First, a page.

Table 5: Participation by 16, 17 and 18 Year Olds on Level 3+ Apprenticeships – End 2018 (England)

 

16

594,000

17

607,900

18

626,200

       

Level 3+

1.0%

2.4%

4.7%

Level 2

2.3%

4.1%

3.6%

Source: Participation in Education, Training and Employment by 16-18 Year Olds, DfE, June 2019

Even before the introduction of the Apprenticeship Levy in April 2017, the number of Advanced Apprenticeships available to 16-18 year olds were low. At the end of 2016, 47,600 16-18 year olds were on Level 3+ Apprenticeships. At the end of 2018, the number was 49,400. Either employers do not need Level 3 advanced apprenticeships, or do not want to hire the young people applying for them.

Progression from Level 2 to Level 3

Achievement of a Level 2 as the highest qualification increases over time until age 19. In 2015, 69.5% of 16 year olds had achieved a Level 2 qualification (mainly in the form of 5 good GCSEs). By the time they turn 19, a further 15.5% had gained a Level 2 to 84.0% (see Table 6), although 5.0% had apparently skipped Level 2 and achieved a Level 3. Taking this into account, about 79% of 19 year olds in 2018 had achieved a Level 2 as their highest qualification, an increase of 10ppts between age 16 and age 19.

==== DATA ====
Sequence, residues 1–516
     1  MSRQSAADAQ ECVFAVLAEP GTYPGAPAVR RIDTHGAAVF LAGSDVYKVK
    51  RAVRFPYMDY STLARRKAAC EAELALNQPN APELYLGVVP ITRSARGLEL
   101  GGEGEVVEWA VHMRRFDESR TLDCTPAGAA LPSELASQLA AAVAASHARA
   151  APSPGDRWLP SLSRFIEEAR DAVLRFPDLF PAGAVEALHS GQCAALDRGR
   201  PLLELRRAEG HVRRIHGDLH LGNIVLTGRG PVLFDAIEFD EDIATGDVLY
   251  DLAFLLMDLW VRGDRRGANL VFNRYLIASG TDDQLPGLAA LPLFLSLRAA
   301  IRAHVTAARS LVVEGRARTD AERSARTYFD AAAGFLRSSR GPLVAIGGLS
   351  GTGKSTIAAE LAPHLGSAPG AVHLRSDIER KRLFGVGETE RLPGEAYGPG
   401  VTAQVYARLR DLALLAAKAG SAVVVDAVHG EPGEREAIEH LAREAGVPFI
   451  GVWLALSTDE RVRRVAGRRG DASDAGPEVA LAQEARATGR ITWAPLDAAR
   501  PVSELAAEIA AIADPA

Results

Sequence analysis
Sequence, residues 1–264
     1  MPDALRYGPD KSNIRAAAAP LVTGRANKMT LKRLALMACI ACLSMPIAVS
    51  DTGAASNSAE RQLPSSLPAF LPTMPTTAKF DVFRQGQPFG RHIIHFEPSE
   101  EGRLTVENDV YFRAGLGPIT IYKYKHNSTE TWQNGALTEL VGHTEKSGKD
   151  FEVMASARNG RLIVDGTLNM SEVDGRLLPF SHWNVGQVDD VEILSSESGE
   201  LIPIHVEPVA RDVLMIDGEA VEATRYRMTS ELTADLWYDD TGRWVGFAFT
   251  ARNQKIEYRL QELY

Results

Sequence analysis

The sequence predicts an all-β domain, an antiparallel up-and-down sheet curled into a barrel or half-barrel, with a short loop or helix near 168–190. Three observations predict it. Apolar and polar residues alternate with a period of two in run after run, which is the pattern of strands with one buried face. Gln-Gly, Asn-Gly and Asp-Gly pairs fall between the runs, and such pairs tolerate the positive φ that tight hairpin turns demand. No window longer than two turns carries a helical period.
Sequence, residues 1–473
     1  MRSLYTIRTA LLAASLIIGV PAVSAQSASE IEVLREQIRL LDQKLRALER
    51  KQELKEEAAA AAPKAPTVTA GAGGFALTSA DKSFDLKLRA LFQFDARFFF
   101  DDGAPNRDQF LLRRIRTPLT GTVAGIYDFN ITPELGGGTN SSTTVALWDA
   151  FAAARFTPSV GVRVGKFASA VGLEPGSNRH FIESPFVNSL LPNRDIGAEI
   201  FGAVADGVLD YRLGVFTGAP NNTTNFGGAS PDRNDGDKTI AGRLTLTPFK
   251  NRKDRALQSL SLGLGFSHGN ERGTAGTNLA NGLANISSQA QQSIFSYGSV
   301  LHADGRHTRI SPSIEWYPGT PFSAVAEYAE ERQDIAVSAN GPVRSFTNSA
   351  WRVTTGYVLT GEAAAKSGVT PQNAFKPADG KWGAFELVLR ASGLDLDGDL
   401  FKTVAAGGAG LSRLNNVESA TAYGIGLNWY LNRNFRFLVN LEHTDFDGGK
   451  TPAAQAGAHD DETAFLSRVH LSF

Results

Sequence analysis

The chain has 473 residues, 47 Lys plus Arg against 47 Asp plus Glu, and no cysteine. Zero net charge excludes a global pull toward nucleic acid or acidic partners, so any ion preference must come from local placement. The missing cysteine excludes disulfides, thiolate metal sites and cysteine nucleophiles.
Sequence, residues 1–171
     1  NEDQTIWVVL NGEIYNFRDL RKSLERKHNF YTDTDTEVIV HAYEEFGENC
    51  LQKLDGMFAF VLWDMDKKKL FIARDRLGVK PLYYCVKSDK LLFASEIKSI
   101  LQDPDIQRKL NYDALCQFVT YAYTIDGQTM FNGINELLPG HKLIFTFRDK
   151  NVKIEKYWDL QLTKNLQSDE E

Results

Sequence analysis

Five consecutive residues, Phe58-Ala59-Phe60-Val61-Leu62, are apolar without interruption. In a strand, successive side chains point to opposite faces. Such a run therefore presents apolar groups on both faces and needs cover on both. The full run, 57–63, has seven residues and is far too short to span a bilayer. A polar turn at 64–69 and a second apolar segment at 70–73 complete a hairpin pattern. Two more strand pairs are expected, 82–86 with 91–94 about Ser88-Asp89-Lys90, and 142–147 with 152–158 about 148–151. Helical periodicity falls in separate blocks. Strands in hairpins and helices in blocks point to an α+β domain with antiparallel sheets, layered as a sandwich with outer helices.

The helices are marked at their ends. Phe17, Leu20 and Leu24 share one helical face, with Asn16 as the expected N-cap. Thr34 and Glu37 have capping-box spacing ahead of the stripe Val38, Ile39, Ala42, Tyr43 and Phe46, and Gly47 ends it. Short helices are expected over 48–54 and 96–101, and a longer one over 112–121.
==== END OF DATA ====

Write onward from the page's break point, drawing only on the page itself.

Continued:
The main source of increased Level 2 achievement is vocational qualifications (9.9% of the cohort) rather apprenticeships (2.9%) or 5 good GCSEs (2.2%). Importantly, however, achievement at Level 2 (79%) is greater than achievement at Level 3 (60%), equivalent to 100,000 19 year olds. Achievement, of course, is not the same as participation but the current 16-18 system seems to be failing to convert Level 2 achievement into Level 3 achievement by age 19.

Full-Time Education: Level 2 to Level 3

In 2016, around 17% of 16 year olds were on full-time Level 2 programmes. By comparison, 63.6% were on Level 3 programmes, with 48.4% on A/ AS programmes. In 2017, the proportion of 17 year olds on full-time Level 3 programmes increased to 64.5%, with 43.7% on AS/A levels (see Table 7).